The ending of overt violence via a peace agreement or military victory does not mean the achievement of peace. Rather, the ending of violence or a so-called ‘post-conflict’ situation provides “a new set of opportunities that can be grasped or thrown away”. The international community can play a significant role in either nurturing or undermining this fragile peace building process. The United Nations, individual states and international nongovernment organisations (INGOs), have become increasingly involved in trying to rebuild peaceful societies in the aftermath of violent conflict. The dilemmas currently being faced across Europe are only the latest in a line of learning experiences in this complex task of post-conflict peace building. In Namibia and Cambodia, for the first time, the UN launched expanded peacekeeping operations which included not only military security but the coordination of elections. In East Timor, the UN mandate broadened even further to include the establishment of a functioning government and society through comprehensive development, law and order, security and governance objectives. In both Afghanistan and Iraq, extensive reconstruction activities have also been pursued, including an emphasis on establishing security, democracy and good governance. None of these things can become a reality without Truth, Justice and Awareness of Reconciliation.

Nonviolence is a philosophy, an existing theory and a practice, a lifestyle, and a means of social, political and economic struggle as old as history itself. From ancient times to the present times, people have renounced violence as a means of resolving disputes. They have opted instead for negotiation, mediation and reconciliation, thereby resisting violence with a militant and uncompromising nonviolence and respect for the integrity of all human beings, friends and enemies alike. Nonviolence provides us with tools, the positive means to oppose and stop wars and preparations for war, to resist violence, to struggle against racial, sexual and economic oppression and discrimination and to seek social justice and genuine democracy for people throughout the world. In a very real sense, nonviolence is the leaven for the bread that is a new society freed from oppression and bloodshed, a world in which persons can fulfill their individual potentials to the fullest.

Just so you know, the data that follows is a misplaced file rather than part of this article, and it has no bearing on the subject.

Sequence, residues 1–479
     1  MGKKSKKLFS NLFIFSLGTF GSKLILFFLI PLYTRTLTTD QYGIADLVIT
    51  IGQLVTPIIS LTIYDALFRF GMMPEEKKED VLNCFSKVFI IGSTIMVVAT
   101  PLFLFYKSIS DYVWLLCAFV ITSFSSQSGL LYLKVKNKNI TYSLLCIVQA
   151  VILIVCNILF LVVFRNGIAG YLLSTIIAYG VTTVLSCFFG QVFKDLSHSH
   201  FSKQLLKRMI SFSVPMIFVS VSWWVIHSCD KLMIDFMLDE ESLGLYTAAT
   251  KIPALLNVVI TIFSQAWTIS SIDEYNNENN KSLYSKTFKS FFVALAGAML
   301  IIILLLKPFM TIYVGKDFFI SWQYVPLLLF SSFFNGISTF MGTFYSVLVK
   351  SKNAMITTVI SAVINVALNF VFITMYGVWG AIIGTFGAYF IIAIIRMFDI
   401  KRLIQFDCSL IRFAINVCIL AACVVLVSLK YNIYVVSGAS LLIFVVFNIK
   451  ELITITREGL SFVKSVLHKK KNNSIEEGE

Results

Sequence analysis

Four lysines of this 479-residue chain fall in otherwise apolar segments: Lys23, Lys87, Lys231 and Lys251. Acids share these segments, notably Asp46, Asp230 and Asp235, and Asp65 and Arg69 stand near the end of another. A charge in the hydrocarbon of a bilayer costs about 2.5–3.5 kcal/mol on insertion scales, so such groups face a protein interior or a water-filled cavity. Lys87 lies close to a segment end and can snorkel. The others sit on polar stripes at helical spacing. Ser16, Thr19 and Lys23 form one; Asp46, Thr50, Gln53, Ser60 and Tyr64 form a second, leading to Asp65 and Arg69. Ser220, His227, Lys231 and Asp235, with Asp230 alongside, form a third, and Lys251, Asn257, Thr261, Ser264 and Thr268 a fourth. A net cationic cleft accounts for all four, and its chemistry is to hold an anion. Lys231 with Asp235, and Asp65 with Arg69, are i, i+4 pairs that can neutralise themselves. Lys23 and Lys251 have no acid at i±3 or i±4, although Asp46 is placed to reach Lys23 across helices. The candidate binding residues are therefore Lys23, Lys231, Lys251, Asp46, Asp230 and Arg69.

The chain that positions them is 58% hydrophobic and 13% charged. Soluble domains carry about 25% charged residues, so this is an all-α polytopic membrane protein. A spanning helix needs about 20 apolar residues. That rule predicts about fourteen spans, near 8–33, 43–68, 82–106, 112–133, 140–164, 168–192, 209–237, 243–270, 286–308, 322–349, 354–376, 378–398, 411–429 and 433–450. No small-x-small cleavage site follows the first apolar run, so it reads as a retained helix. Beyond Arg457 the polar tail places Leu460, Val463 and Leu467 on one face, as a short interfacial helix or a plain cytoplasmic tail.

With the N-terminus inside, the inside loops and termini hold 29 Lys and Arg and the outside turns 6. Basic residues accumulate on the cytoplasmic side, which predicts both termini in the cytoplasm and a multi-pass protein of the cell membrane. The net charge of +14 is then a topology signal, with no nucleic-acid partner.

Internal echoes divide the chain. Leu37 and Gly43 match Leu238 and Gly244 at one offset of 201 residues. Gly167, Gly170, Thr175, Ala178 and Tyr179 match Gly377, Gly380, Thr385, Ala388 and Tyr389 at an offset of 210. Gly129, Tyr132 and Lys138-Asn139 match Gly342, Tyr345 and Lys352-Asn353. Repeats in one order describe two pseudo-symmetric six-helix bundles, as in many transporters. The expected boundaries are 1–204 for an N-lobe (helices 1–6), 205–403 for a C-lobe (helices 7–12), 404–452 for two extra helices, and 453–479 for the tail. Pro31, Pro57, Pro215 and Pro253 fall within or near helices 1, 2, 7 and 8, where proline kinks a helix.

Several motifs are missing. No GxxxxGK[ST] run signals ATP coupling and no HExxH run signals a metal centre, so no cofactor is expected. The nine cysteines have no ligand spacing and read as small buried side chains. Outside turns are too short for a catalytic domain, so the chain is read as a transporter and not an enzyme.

Lets all come together to help reconciailation become more of a reality in all our lifes, through social and financial inclusion, in the everlasting pursuit of truth with justice for all. Everyday they are people that need help to reconcile with there past, with family and friends. Countries that need support with helping out there citizens during the war of the middle east and countries worldwide. These are all things that can be prevented and helped through reconciliation with truth and justice.